The words and score of this counter theme were self-righteous, paternalistic, exclusive, and coercive. It was not the music I heard in the fields. And I was told it was the only tune I could sing.

But I could not live within the bars, the measures, the time and key signatures of that counter hymn. It was not my song.

I have come slowly, hesitantly to believe that here, in this place, I can yet again hear and make that sustaining, life affirming music. And what I value now about it is its extraordinary variety and open endedness. It is multi-hued, complex, and spacious. It welcomes improvisation and variation. It can be somber and raucous, humble and proud. And this music can be written, played, and sung by every member of the band.

When I look back on it now, this search for a music for which my soul yearns and to which it thrills, whose composition and performance I can share with others, the words providence and providential come to mind.

In western theologies, those terms expressed the conviction that our lives were known and our deepest needs sustained by a divine and transcendent power. It was believed that that creative and sustaining power worked in and through the natural order to endow, bless, and maintain our existence in this world. It is the conviction expressed in parable, that not even the falling of a sparrow is forgotten. It is the belief, in mystical traditions, that human love which sends each of us out on a path toward the future and the infinite will be reciprocated, it will be met and greeted on the path by the source of all love and being.

Providence is the reasonable, the wild hope that there is an underlying and inexhaustible song of songs; it is the conviction that our inner ear does not deceive us.

The religions of our past still haunt us, because at one time or another, those who lived before us also heard a fragment of the melody of providence that works blessedly and internally in all things. And to the best of their ability, they tried to faithfully re-express what they heard by creating a particular ritual, or an affirmation of belief, a gesture, or parable, ...or a silence.

A candle is lit on sabbath evening. Parents lay their hands in blessing on a child's head. A mandala is sketched in the dirt. A flaw is stitched purposefully into a quilt top. Bread is broken. A hymn sung.

But then something goes wrong, terribly wrong. We lose the thread of that inexhaustible song, and our nerve. And then the candle is not enough. We have to have to have studio lights and amplification. The hands of mere men or women cannot bless. And then men in suits muscle in, presuming that only they can preside. Take out that misshapen stitch!

The cloth of "the way" to heaven or enlightenment is without error. They have no right to eat. Only saints can partake of the bread of heaven. Your hymn singing is atrocious, what we need is a choir! An anthem and a brass section!

All of us have seen this sorry process at work. It's what Max Weber called the "routinization of charisma." But we have heard even if only for a moment, the life creating and sustaining music of providence in our lives. What do we do when it fades away or is drowned out by an unrelenting anthem of routine, dogma, and exclusion? Ralph Waldo Emerson, dissident Unitarian and Transcendentalist, said, "Every spirit makes its house, but afterward the house confines the spirit." What do we do when a home becomes a prison?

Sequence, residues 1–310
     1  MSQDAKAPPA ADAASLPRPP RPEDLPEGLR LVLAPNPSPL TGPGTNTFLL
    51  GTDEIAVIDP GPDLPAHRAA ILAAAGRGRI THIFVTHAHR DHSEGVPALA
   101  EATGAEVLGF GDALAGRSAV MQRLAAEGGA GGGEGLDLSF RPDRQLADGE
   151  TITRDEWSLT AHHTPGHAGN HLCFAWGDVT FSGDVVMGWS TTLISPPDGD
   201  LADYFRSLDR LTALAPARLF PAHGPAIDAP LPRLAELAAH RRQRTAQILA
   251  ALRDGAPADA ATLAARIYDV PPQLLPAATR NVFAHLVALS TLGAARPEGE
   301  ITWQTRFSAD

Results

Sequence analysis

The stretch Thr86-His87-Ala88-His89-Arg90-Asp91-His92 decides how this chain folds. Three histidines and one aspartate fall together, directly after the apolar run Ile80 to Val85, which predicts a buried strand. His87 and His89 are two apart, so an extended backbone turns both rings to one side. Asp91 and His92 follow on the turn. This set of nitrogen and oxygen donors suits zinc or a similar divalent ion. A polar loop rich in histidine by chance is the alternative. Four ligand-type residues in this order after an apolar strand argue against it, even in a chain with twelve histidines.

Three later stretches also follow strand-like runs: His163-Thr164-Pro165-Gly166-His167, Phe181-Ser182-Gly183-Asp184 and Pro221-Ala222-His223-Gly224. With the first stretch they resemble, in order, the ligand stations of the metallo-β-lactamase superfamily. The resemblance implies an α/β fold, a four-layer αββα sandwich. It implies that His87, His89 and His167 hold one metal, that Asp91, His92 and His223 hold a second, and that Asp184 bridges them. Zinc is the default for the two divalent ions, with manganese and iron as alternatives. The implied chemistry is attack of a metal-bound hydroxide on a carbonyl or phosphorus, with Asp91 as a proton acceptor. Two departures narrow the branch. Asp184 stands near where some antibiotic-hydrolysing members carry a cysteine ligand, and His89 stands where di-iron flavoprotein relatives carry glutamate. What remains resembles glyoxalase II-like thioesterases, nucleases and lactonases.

The words I read in the meditation by Michael Ignatieff come back to me now: "Home is the place we have to learn to leave in order to grow up."

I believe that providence, that song of songs, has led you out of a home where you were forbidden to grow up. It has sustained your path.

It has brought you to through those doors. You are here because you want to live the rest of your lives as adult men and women. And it may just be possible that you can do it here.

This association affirms by covenant that "we are grateful for the religious pluralism which enriches and enables our faith," understanding and vision. We claim that "the living tradition we share draws from many sources." If that is really true of us, then we welcome whatever you bring here that you still cherish from your previous religious home. We know that you have left it, or that you are straying from it, for a reason. If that past clings to you like a blood-sucking ghost, we will stand by you and help you with our own hands to pry it off and help you heal. If there is dead wood to cut away, then let us help you sharpen your axe. If you need to curse and to cry, we better be ready and willing to stand by you.

If you are like me, there are ghosts and angels who have accompanied me here. And I want you to know, this is your church, not theirs; we govern ourselves; we strive to treat each other like adult men and women; and we work to raise our young people to be compassionate, mature and ethical human beings.

That means, for the sake of our living tradition, if it is truly alive, that you can still light sabbath candles; you can howl at the moon; you can sit in mindful silence contemplating a paradox; you can place your hands on a child's head and speak words of comfort, peace and blessing to her with authority. You can still say the Lord's Prayer. You can still feel the elation of using your mind to solve a really tough equation or piece together a story from the past. You can be angry as hell at religion and peer bitterly into the abyss. You can sing Christmas carols. You can revere Mother Earth. And who is there here who says that you can't?

It has been said that, "God builds a temple in the heart on the ruins of churches and religions." The rubble is all around us; plenty of material for rebuilding. And that song? That song of songs? It sings, still, for you and me, for all of us.